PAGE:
Jim Anderson (ice hockey)

From Wikipedia, the free encyclopedia
Jump to navigation Jump to search

James William Anderson (December 1, 1930 – March 10, 2013) was a Canadian professional ice hockey player and head coach.[1] Anderson played 7 games with the Los Angeles Kings of the National Hockey League (NHL), and was the first head coach of the Washington Capitals. He was born in Pembroke, Ontario.

Playing career

Jim Anderson spent the majority of his 16-year minor league career with the Springfield Indians franchise of the AHL,[2] and remains the all-time leader in games played, goals and points for the franchise. In his first season with Springfield, Anderson scored 39 goals and was awarded the Dudley "Red" Garrett Memorial Award as AHL rookie of the year in 1954–55.[2] In the early 1960s, Anderson scored 35 or more goals for Springfield for five straight years, helping lead the team to three consecutive Calder Cup championships, to this day the only AHL franchise to win three straight. In 1960–61, Anderson was named an AHL Second Team All-Star, scoring 81 points (the most of his career) with a league-leading 43 goals.[2] The 40 goals he scored in 1963–64 earned him the Willie Marshall Award as the AHL's leading goal scorer, and also led again to be named a Second Team All-Star.

In the 1967–68 season, the National Hockey League expanded to twelve teams, and the new Los Angeles Kings took over the Springfield franchise as their top minor league affiliate, rebranding them as the Springfield Kings. That season, Anderson finally made his first NHL appearance with the parent Kings, playing in 7 games, and scoring 1 goal and 2 assists.[2]

Anderson's AHL career concluded with 426 goals and 821 points in 943 games, at the time in the top five all-time in each category in the AHL. As of the 2015 season, he remains 11th all-time in games played, fifth in goals scored and ninth in points scored.

Coaching career

Anderson was twice Springfield's head coach (1969-70 and 1975-76), and was the first head coach in the history of the NHL's Washington Capitals.[3] After being replaced mid-season by George Sullivan,[4] Anderson became a professional scout for the Los Angeles Kings' organization for 19 years.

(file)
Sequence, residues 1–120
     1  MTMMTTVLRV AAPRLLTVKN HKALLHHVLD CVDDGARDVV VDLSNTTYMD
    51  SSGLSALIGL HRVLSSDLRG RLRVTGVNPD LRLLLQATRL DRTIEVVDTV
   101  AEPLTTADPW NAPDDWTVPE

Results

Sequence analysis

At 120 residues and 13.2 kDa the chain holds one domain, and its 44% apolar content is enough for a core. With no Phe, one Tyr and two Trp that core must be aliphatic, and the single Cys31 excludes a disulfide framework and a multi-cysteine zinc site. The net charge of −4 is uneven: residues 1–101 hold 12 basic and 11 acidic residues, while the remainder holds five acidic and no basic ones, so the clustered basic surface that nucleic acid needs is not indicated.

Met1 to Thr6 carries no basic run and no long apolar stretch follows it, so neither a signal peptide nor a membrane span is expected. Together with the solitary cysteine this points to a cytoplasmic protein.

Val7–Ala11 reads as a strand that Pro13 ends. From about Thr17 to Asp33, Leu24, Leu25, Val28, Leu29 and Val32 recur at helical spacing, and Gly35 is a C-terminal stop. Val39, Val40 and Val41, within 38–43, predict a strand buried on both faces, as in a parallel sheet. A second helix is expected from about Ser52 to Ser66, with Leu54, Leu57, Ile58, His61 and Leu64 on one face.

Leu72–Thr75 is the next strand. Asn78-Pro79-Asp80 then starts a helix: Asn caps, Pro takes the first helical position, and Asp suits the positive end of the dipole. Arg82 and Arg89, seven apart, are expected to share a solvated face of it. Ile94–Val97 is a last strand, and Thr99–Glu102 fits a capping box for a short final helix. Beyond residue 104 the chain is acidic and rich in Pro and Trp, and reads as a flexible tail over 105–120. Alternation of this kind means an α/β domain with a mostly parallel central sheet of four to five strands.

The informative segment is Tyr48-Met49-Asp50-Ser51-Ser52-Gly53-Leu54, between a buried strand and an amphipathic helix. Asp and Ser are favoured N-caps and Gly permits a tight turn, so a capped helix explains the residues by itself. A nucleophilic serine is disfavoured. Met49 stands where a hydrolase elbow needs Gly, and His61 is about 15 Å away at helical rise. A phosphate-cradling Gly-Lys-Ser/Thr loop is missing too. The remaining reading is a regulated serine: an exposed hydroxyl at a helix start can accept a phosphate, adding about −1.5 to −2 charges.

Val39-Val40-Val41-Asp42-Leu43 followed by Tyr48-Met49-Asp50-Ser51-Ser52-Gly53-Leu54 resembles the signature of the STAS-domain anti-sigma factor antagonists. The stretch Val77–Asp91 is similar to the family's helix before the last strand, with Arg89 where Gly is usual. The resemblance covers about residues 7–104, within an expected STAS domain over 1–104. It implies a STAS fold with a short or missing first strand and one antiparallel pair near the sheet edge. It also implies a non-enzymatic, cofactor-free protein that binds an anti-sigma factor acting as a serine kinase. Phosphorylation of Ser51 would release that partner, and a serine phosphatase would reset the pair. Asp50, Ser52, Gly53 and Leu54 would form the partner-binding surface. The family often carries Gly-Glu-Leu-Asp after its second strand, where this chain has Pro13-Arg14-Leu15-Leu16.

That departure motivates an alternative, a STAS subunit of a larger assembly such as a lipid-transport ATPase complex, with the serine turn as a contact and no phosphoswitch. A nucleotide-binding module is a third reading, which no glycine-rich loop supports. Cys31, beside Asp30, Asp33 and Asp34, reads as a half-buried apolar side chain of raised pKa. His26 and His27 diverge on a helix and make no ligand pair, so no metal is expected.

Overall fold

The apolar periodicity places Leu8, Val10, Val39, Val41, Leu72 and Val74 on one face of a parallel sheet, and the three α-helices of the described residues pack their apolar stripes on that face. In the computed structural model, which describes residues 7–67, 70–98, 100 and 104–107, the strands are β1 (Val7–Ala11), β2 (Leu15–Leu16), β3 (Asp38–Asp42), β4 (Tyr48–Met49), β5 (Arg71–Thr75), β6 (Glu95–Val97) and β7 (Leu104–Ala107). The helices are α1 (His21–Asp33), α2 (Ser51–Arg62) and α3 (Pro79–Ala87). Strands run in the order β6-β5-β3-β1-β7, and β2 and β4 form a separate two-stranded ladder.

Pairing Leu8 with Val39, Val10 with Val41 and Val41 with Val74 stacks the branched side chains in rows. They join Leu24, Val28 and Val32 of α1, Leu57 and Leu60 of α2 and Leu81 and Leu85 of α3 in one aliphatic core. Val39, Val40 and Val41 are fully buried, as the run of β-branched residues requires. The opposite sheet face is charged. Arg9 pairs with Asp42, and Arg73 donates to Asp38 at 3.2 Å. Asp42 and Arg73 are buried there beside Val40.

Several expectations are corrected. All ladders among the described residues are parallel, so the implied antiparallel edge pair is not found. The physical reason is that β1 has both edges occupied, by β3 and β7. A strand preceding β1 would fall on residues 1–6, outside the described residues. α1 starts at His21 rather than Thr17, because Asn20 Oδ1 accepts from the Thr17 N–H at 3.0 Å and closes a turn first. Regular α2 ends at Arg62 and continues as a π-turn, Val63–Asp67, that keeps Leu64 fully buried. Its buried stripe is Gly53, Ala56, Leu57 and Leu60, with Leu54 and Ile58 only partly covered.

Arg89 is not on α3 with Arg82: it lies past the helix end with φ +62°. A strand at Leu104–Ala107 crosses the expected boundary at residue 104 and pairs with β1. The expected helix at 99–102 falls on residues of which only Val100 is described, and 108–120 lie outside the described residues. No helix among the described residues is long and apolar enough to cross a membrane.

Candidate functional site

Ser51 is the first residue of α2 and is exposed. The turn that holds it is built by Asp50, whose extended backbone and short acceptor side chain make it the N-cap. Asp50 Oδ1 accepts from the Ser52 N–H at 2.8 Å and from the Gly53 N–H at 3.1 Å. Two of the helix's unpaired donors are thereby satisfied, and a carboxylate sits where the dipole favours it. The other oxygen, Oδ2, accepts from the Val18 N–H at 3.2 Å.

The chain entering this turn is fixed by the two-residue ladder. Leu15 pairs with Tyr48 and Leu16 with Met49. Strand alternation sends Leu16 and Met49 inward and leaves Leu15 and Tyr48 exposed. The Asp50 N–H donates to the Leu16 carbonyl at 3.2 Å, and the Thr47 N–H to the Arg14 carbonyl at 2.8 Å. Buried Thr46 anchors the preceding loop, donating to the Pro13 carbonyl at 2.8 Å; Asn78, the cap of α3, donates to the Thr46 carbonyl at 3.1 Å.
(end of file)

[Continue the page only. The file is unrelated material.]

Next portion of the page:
In November 2008, Anderson's career was recognized with induction into the fourth class (2009) of the AHL Hall of Fame. He continued to make his off-season home in the Springfield area, and after retirement was a local skating instructor until shortly before his death.

Coaching record

Team Year Regular Season Post Season
G W L T Pts Finish Result
Washington Capitals 1974–75 54 4 45 5 (21) 5th in Norris (fired)


  1. ^ David Molnar / The Republican (2011-11-01). "Springfield pro hockey great Jimmy Anderson dies at 82". masslive.com. Retrieved 2013-03-12.
  2. ^ a b c d "Sharks AHL". Sharks AHL. 2008-11-24. Retrieved 2013-03-12.
  3. ^ Vogel, Mike. "Opening Night: Oct. 9, 1974". Washington Capitals. Retrieved 1 December 2013.
  4. ^ "1974-75 Season". Washington Capitals. Retrieved 1 December 2013.

External links

  • Biographical information and career statistics from Eliteprospects.com, or The Internet Hockey Database
Preceded by
Position created
Head coach of the Washington Capitals
Succeeded by
George Sullivan
Retrieved from "https://en.wikipedia.org/w/index.php?title=Jim_Anderson_(ice_hockey)&oldid=802114863"
This content was retrieved from Wikipedia : http://en.wikipedia.org/wiki/Jim_Anderson_(ice_hockey)
This page is based on the copyrighted Wikipedia article "Jim Anderson (ice hockey)"; it is used under the Creative Commons Attribution-ShareAlike 3.0 Unported License (CC-BY-SA). You may redistribute it, verbatim or modified, providing that you comply with the terms of the CC-BY-SA